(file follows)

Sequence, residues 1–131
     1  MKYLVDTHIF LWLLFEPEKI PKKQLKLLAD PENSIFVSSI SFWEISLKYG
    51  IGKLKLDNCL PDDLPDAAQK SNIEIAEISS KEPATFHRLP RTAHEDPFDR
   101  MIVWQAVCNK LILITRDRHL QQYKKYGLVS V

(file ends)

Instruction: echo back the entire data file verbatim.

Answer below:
Sequence, residues 1–131
     1  MKYLVDTHIF LWLLFEPEKI PKKQLKLLAD PENSIFVSSI SFWEISLKYG
    51  IGKLKLDNCL PDDLPDAAQK SNIEIAEISS KEPATFHRLP RTAHEDPFDR
   101  MIVWQAVCNK LILITRDRHL QQYKKYGLVS V